Best electric vans 2021
Electric vans make perfect sense for businesses covering short distances on a regular basis. Here are the best you can buy
Electric vans boast a number of advantages over established diesel-powered alternatives, including the fact they’re often cheaper to run and are exempt from the London Congestion Charge and other clean air zone charges being established in other UK cities as they don’t produce any tailpipe emissions.
However, many can only cover around 100 miles on a single charge as electric vans frequently feature smaller batteries than electric cars to prevent any reductions in payload capacity.
But, as technology improves and the popularity of electric vans grows amongst UK businesses as a wider variety of brands and sizes of electric vans becomes available – perhaps buying or even leasing an electric van may be an option for you.
Read on to find out the best new electric vans on sale right now…
The eVito has a range of 93 miles on a single charge, which Mercedes says is sufficient for mainly urban work – particularly for drivers or companies that complete planned, recurring routes on a regular basis. It starts at just over £32,000 in the UK, once the government plug-in van grant has been deducted.
A 41kWh battery stores power for the 113bhp electric motor, which has the same power output as the entry-level diesel Vito. The battery can be fully recharged in six hours from a wallbox charger. Read our full Mercedes eVito review here.
The Nissan e-NV200 is based on the original Nissan Leaf electric car, so should be a dependable workhorse for your business. The mid-sized van boasts a 40kWh battery, which provides a claimed range of 124 miles – although this will vary depending on factors such as payload and ambient temperature.
Nissan says it could cost as little as 2p per mile to run, depending on your energy tariff. It takes eight hours to charge from a standard socket, or you can top up to 80% in 30 minutes from a rapid charger.
Inside, the e-NV200 boasts a 4.2-cubic-metre load volume and a 2.4-metre long load bay, although if you specify the optional folding passenger seat, that figure grows to 2.8 metres. At 1.22 metres wide, it can carry two Euro pallets. Maximum payload is 770kg. Read our full review here.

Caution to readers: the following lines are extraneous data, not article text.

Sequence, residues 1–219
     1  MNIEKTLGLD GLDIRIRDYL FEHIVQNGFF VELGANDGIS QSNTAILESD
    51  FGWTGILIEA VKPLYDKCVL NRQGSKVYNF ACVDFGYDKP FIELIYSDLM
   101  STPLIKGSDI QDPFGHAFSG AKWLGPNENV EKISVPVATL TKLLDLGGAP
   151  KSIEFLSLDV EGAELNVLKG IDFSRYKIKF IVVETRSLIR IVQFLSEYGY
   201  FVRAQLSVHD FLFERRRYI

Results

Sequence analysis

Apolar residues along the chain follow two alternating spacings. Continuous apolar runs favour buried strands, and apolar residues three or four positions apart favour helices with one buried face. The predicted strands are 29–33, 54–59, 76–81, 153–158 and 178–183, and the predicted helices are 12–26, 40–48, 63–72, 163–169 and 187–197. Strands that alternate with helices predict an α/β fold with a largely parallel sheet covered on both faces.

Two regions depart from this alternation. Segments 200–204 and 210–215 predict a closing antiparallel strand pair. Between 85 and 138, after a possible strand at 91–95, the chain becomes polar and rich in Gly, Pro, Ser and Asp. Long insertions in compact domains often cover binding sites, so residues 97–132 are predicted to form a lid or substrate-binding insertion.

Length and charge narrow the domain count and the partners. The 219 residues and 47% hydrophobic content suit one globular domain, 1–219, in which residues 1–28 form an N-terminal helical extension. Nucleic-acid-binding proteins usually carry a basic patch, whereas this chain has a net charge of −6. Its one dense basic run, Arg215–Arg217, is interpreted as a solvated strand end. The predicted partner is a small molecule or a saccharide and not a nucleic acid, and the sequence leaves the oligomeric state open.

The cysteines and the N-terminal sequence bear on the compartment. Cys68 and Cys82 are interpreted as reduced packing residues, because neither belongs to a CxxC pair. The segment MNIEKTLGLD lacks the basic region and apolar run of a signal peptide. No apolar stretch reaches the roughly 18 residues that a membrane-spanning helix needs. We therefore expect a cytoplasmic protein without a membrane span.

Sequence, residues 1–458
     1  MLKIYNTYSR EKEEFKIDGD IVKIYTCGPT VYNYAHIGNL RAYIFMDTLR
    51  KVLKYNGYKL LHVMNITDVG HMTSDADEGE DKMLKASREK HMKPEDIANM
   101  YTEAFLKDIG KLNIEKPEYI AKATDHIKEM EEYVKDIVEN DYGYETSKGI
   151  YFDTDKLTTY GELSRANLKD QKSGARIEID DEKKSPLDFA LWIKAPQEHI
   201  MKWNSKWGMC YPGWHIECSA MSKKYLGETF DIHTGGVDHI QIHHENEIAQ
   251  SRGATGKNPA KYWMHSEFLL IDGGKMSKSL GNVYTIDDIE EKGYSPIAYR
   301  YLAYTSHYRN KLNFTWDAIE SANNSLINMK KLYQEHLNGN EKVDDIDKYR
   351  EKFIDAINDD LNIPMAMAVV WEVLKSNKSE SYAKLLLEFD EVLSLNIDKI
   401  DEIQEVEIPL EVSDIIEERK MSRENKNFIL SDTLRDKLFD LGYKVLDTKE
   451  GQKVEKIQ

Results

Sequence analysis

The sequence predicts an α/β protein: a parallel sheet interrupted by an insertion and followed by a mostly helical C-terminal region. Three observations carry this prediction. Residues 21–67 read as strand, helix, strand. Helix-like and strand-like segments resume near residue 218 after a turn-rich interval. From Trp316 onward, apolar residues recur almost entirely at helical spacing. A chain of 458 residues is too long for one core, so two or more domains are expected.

Renault Kangoo Z.E.
The Renault Kangoo Z.E. is perfectly suited to the congested streets of the UK's cities, with a footprint no larger than a family hatchback. The latest examples have a 33kWh battery, which boosts claimed range to an impressive 143 miles. Even the claimed real-world range of 124 miles is more than most will need on a daily basis.
A full charge takes six hours from a standard socket and you can use a rapid charger to take the battery to 80% in an hour. There’s a clever climate-control system that helps maintain that range, so you’ll be able to drive in comfort in extremes of heat.
Three bodystyles are available: standard, Maxi and five-seat Maxi Crew, all with a payload of 640kg. The standard version has a carrying capacity of three cubic metres, while the Maxi and Maxi Crew record 4.6 and 3.4 cubic metres respectively – the latter reduced on account of the second row of seats. Read our full review here.
Renault Master Z.E.
The Renault Master Z.E. is the largest van on our list and uses the latest lithium-ion technology to ensure a competitive range. Helping make the most of every charge are features like Eco mode, which limits top speed to 50mph (rather than 62mph), which is still more than enough for round-town use.
Renault reckons you should get around 74 miles from a charge in the real world. It takes 17 hours to charge from a standard mains socket, but a more palatable six hours from a 7.4kW wallbox charger.
In total, six versions are offered, including four panel vans with two roof heights and a pair of platform cabs – ripe for myriad conversions – making this the most versatile electric van on the market. Depending on spec, they’ll handle a 1.1-tonne payload. A range of telematics and fleet-management systems are available, which will please fleet managers. Read our full review here.
Hot on the heels of its Corsa-e electric passenger car, Vauxhall launched a Vivaro-e electric van in 2020, and it went on to scoop our 2021 award for Best Electrified Commercial Vehicle. It's identical under the metal to the Citroen e-Dispatch and Peugeot e-Expert above, with the same choice of 50 and 75kWh batteries for a 143 or 205-mile driving range.
Vauxhall has also mooted the possibility of a sporty 'VXR' version of the Vivaro-e, which initially would feature only visual upgrades such as large alloy wheels and a bodykit, but could eventually entail a power upgrade, too. Read our full review here.
In 2019, Volkswagen revealed two electric vans at the Commercial Vehicle Show in Hanover, Germany. The e-Caddy and e-Transporter are electric versions of the standard vans, developed in conjunction with Formula E racing team and Volkswagen Group tuning specialist Abt.
The Volkswagen e-Caddy won't be coming to the UK; it's based on the previous-generation van and hasn't been engineered for right-hand-drive markets. The e-Transporter, which uses the recently-updated T6.1 van as a base, joined the line-up during 2020.
The e-Transporter looks much like the diesel version. Abt has announced a pair of battery packs – 37 or 75kWh – although initially UK examples will only be available with the former, for a real-world driving range of 82 miles. The electric system has no affect on load space, and scalable battery technology means other capacities can be included. Read our full review here.
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